There are loads of previously unknown (or under-known) facts in the book, which I won’t spoil by relating; more excitingly, Lewisohn puts all the “well known” parts of The Beatles’ story into perspective so that frequently the received version is not as simple as was always thought; for example, he points out how outlandish it was that The Beatles would be courted to make an LP after one successful single – in 1961, only the most well established pop acts would maybe be considered worthy of the chance to make more than singles, yet here was George Martin offering to make an LP of mostly Lennon/McCartney originals…

I can’t not share one nugget though… Jurgen Vollmer’s picture of John Lennon in Hamburg’s Jager-Passage in 1961 was of course used by John for the cover of Rock’n’Roll in 1975 – what I hadn’t come across before is the fact that the blurred figures in the foreground are Paul, Stuart and George.  Without anyone realising, Lennon picked a Beatles group shot for a solo album…

John Lennon rock 'n' roll

So, thank you Mr Lewisohn for the time and the trouble.  I eagerly await the next volumes and hope I live long enough that he’ll tell me who the woman in the picture below is!


The Beatles on Abbey Road with unknown woman
Who is this woman with The Beatles on Abbey Road?


Music · Travel

New Year’s Day in NYC

John Lennon Gibson Guitars New York

On New Year’s day 2011 I was in New York City, waking in the Chelsea Hotel (I was actually resident there, it’s not just where I happened to have fallen asleep…) Nice work if you can get it and you can get it if your girlfriend tries…
I recently wrote about John Lennon in Edinburgh and the vibrations that can hit you around my home town. So of course I was going to go to the Dakota building when in NYC.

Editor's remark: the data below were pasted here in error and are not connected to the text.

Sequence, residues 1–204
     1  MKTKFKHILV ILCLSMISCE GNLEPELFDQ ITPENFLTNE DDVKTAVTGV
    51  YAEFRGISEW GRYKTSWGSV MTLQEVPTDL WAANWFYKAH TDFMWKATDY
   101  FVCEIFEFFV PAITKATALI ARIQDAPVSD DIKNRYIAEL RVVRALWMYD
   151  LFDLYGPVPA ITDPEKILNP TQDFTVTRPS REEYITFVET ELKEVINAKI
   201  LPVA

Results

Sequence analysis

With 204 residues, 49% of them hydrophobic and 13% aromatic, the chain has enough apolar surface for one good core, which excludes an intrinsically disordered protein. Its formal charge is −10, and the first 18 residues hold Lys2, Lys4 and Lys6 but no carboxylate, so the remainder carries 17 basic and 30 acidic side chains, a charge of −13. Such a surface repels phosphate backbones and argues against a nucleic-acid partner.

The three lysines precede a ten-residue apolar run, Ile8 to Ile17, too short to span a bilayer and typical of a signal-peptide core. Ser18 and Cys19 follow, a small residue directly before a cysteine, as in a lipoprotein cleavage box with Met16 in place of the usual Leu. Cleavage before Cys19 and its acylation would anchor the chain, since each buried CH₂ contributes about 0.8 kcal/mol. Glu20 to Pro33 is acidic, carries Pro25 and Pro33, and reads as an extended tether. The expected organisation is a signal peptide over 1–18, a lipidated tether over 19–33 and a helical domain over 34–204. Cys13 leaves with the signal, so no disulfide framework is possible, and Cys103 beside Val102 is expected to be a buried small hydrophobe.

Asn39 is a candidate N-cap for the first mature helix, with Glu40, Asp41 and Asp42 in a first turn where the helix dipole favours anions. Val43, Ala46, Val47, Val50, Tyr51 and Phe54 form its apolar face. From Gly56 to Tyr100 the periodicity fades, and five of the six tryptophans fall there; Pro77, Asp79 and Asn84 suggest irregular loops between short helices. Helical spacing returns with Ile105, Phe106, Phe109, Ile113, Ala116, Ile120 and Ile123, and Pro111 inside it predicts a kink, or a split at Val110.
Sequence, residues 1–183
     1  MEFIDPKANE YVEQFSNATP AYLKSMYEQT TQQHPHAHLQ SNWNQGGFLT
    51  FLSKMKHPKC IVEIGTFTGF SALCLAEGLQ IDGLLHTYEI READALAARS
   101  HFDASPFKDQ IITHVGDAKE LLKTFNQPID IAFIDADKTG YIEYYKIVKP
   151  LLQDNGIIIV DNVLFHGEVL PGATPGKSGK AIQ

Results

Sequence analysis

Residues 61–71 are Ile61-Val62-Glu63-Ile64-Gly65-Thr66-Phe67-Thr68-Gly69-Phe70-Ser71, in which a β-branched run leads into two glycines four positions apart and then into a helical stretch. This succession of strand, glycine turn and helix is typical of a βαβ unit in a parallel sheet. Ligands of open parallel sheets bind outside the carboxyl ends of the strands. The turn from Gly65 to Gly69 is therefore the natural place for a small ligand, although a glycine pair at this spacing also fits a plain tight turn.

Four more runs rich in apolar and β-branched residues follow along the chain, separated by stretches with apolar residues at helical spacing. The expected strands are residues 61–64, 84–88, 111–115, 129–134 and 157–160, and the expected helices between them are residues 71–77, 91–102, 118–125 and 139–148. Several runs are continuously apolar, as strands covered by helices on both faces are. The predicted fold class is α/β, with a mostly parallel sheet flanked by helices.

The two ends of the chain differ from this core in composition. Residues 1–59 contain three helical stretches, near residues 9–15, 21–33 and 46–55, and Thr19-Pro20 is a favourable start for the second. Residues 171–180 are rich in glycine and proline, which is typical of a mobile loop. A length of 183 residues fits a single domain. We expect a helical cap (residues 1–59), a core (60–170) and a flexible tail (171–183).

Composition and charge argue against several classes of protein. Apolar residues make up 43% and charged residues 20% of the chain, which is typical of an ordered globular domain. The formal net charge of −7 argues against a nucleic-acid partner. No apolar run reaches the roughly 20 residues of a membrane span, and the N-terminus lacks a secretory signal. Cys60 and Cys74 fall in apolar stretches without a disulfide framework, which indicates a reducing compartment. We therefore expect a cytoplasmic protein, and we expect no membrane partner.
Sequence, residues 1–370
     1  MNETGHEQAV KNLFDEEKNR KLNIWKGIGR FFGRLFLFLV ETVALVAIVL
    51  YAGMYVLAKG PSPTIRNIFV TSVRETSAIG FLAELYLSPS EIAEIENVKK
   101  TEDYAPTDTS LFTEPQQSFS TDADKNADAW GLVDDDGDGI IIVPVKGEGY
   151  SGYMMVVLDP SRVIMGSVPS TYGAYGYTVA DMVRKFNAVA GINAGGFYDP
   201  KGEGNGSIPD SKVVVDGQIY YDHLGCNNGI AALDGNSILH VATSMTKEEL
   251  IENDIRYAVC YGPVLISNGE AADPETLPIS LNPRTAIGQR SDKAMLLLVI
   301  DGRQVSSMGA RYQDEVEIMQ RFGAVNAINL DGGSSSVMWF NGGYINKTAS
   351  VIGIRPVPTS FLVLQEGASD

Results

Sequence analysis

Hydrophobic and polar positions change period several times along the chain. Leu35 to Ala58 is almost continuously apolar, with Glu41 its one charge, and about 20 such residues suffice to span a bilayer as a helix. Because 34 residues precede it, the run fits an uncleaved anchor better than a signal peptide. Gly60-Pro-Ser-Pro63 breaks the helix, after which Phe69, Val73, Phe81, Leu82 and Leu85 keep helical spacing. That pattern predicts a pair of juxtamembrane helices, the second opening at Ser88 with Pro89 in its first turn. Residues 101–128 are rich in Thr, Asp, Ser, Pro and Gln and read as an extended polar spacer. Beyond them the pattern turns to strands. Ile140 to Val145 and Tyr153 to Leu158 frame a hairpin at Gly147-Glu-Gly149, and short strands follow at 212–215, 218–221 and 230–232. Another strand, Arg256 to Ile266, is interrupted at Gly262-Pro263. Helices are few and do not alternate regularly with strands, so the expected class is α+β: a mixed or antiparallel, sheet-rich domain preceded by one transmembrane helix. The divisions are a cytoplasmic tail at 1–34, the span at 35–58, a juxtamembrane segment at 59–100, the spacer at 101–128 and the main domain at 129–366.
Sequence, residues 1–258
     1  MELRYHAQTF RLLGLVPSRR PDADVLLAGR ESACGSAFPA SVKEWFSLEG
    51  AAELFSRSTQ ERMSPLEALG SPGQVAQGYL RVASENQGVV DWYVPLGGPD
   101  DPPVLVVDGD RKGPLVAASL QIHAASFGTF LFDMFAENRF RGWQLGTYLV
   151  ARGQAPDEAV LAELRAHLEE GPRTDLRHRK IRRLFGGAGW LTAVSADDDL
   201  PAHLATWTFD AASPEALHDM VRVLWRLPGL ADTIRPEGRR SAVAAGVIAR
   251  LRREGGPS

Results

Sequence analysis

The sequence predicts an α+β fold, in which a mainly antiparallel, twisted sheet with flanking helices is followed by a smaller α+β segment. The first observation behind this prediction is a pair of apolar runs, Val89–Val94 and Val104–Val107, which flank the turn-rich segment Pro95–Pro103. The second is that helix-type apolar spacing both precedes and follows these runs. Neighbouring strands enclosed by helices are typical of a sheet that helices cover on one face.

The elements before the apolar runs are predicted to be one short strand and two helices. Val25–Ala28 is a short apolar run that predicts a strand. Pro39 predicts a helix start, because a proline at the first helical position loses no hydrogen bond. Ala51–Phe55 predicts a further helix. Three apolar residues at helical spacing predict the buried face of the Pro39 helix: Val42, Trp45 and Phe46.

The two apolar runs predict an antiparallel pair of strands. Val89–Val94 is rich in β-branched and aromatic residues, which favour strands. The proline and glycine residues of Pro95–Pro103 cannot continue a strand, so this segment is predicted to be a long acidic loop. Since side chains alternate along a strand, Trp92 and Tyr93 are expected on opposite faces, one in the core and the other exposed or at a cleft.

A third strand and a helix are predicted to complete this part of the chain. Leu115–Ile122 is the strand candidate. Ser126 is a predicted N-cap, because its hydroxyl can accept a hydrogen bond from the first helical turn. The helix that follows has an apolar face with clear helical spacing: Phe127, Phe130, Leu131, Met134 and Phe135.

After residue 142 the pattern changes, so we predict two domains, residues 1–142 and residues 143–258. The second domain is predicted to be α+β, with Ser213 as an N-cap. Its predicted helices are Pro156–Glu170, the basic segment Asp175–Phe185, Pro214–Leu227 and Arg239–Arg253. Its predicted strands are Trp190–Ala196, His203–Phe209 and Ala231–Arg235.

I was on several tour buses in New York and when I go back, the rule of thumb will be to look for the gayest tour guide, because they will be the most interesting. The guy this particular morning pointed out the site of Studio 54, umpteen defunct theatres, loads of movie references, the Leonard Bernstein centre…anyway, you know what I’m saying.
As we approached the area around Central Park where the Dakota building is, he pointed out a pub called Malachy’s, which was unusual because a) it was a pub in a upper-dupper class residential area and b) it looked like a cowp. He claimed that this was where John Lennon would go for a drink of an evening after he’d got Sean down.
The tour bus drops you off outside Central Park near the Strawberry Fields memorial park, which is pretty disappointing. On this day, someone had formed a banana mandala on the memorial itself, which was puzzling, as I did not know John was a particular fan of the fruit…there are signs enjoining visitors to be silent and respectful, but that hadn’t put off the busker playing Sting songs (Sting has an apartment in the area…) A bit of a dump really.


Strawberry Fields memorial New York John Lennon Imagine

Walking over to the Dakota was emotional. I thought of John’s last walk home – what was he thinking, was he going to nick out for a pint later that night?
The Dakota building is tourist central (I raise my hand,) a roundabout of people posing for pictures, as I of course did. Must be a bit annoying for actual residents (Lauren Bacall still lives there) but there’s no way round that; the psychic pull will be there for the next few hundred years.

Dakota Building New York

We walked down to the pub pointed out by the tour guide. Although I was still jangly from the previous night’s celebration, it seemed mandatory that we should have a drink in John Lennon’s local (I had already bought the story.)